"Fostering this mindset of experimentation, tinkering, and problem-solving will, we hope, equip children with the creative confidence, self-esteem, and tenacity to make things happen and tackle problems when there is no right answer," she says. This idea comes from the realization that there is no way to train young minds in whatever they will face as adults.
"We hope to play a part in instilling a confidence and problem-solving mentality in them early so they can address and solve important problems later in life."
"Today’s primary school students might one day be doing work that hasn’t even been invented yet," Meghani says. "Being able to understand technology, think creatively, and demonstrate flexibility will be important traits for this generation of children. We hope to play a part in instilling a confidence and problem-solving mentality in them early so they can address and solve important problems later in life. Our mission is to have children everywhere see themselves as mini-scientists, inventors, and explorers."
Giving children the confidence to handle whatever life throws at them and the self-esteem to shoot for the stars is a lofty task, but it's one that Trunkaroo is dedicated to. An even more admirable part of Meghani's mission is her commitment that no child gets left behind because of where they are or how much money they have. "The ultimate goal is to offer a solution which is available to all children, regardless of geography or socio-economic background so they can all be inspired from an early age," she says.
While Meghani is happy with how her product has turned out, it didn't happen without some hard times for the founder and CEO. "Although it might sound glamorous to be one’s own boss, the reality is that in the early days of a business you’re functioning both as an intern and as a CEO," she says. "It can feel lonely and be difficult to make decisions that will not only affect you but also your employees and the future of your business, so there is a great sense of responsibility." But it's definitely not all bad — being the boss also comes with a lot of freedom.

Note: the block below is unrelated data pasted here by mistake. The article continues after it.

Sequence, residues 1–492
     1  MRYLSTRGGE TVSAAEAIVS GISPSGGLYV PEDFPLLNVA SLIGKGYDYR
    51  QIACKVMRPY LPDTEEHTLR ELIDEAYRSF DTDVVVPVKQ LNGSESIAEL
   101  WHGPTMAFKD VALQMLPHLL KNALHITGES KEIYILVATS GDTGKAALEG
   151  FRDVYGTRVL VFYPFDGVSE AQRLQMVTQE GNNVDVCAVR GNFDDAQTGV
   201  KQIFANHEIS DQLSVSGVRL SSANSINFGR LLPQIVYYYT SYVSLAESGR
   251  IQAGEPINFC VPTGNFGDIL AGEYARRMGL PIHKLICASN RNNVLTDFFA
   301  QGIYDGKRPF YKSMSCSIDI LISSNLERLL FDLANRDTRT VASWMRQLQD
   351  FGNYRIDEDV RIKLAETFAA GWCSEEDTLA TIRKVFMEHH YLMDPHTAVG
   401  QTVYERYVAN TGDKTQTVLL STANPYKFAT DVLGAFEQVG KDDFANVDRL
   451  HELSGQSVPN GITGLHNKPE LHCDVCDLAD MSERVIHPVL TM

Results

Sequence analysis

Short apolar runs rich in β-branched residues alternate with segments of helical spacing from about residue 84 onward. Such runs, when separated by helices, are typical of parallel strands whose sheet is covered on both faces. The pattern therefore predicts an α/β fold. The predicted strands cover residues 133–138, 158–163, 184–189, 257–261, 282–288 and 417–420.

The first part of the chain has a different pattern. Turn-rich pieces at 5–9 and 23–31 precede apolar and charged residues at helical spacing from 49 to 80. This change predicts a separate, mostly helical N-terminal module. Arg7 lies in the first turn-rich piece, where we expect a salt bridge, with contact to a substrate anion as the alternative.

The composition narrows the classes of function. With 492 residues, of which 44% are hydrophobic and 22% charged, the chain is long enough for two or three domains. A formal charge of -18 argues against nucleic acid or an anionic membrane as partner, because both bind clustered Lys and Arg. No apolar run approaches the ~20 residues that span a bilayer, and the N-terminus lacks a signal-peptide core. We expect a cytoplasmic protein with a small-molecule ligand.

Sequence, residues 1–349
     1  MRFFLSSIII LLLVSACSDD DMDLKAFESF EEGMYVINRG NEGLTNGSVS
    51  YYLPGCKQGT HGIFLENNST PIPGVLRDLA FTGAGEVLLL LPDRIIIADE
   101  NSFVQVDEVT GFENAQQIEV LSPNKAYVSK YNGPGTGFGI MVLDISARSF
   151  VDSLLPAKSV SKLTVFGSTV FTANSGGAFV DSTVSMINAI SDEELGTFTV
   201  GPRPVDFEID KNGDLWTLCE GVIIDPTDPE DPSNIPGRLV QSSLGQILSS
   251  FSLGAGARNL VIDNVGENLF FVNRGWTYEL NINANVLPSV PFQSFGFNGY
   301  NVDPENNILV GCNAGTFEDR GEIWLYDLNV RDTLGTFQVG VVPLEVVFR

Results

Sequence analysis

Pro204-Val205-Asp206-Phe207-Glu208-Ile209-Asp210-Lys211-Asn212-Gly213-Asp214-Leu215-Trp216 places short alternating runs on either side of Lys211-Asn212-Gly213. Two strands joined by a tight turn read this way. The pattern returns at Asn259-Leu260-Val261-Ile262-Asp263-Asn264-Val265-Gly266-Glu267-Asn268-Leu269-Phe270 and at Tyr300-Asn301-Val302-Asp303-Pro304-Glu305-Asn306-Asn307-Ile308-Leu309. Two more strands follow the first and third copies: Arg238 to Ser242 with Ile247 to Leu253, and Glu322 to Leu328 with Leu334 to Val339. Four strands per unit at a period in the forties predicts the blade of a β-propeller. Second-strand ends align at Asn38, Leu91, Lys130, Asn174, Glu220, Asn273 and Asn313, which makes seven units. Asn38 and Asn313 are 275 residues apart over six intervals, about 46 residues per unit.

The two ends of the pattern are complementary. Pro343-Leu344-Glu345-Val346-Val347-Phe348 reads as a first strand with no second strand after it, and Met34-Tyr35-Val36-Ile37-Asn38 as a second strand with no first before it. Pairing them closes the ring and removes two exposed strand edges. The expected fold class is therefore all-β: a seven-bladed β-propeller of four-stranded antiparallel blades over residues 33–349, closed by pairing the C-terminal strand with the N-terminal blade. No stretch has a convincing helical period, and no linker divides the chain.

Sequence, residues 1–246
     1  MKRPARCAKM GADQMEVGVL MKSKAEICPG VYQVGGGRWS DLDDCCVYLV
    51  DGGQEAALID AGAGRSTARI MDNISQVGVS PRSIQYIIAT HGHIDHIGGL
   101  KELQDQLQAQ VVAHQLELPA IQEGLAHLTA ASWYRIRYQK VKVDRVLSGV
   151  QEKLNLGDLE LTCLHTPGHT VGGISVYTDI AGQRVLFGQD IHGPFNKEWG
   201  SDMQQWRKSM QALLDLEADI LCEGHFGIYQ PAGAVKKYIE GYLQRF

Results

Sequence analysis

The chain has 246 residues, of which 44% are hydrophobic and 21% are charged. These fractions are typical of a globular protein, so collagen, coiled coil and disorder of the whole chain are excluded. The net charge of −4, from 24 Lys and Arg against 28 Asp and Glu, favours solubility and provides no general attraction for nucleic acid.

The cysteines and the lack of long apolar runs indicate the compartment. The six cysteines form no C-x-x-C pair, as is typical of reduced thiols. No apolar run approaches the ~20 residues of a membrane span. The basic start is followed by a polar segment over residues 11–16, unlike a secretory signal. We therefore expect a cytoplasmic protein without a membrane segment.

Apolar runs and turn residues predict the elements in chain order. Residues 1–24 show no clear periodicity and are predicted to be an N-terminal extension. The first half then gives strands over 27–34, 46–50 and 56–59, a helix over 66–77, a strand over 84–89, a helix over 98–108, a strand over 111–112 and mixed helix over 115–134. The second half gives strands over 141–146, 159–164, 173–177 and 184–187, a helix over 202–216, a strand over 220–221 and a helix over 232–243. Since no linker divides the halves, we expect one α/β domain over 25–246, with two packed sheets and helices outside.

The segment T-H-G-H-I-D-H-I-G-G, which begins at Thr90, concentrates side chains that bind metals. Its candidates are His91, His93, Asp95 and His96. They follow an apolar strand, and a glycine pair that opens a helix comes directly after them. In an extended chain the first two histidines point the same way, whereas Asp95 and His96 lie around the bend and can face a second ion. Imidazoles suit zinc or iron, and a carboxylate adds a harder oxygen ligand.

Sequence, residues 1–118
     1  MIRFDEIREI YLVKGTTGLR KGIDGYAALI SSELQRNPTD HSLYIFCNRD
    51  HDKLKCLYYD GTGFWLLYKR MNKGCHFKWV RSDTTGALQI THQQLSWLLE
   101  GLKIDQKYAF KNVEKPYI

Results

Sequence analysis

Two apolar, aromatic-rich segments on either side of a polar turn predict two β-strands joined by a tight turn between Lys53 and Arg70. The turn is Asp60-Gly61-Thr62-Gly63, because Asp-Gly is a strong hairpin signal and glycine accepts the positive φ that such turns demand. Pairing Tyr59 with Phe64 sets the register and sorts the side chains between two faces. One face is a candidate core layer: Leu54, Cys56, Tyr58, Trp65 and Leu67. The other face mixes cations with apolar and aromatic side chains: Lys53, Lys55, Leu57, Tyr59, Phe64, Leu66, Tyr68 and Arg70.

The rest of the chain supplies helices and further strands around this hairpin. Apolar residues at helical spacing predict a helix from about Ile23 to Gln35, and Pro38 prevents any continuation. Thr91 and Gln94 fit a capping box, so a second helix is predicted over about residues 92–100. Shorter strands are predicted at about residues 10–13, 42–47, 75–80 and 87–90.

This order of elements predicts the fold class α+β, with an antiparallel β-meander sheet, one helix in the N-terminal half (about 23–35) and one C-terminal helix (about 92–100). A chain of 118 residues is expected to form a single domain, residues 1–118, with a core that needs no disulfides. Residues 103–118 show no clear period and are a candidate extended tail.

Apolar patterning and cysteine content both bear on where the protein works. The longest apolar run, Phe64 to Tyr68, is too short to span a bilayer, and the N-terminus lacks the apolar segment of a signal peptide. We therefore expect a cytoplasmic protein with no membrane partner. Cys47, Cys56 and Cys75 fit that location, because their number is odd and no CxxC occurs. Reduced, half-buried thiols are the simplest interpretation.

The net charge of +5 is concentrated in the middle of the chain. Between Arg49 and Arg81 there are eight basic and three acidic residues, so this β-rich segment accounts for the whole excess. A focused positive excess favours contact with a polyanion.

"At the same time, the freedom to get things done quickly, without red tape or politics, to do work that you enjoy and to grow and motivate a team is incredibly rewarding and outweighs most of the challenges," she says.
Making the jump from finance to a children's startup is risky, but Meghani had some help along the way. "I was lucky to have received a lot of advice when I was switching from finance into tech, and each time I felt extremely energized by those conversations," she says. "But I also made sure that I’d maintained a great network that I could return to should I need to."
When Meghani changed her life to start Trunkaroo, it took guts and real confidence in her vision. Her advice for others looking to make a leap? "Listen to your feelings, approach the move practically, and be confident in your decision — nothing is ever final, it’s about learning, growing, and trusting yourself." Confidence in yourself? Sounds like great advice.
Learn more about Bustle's 2017 Upstart Awards here.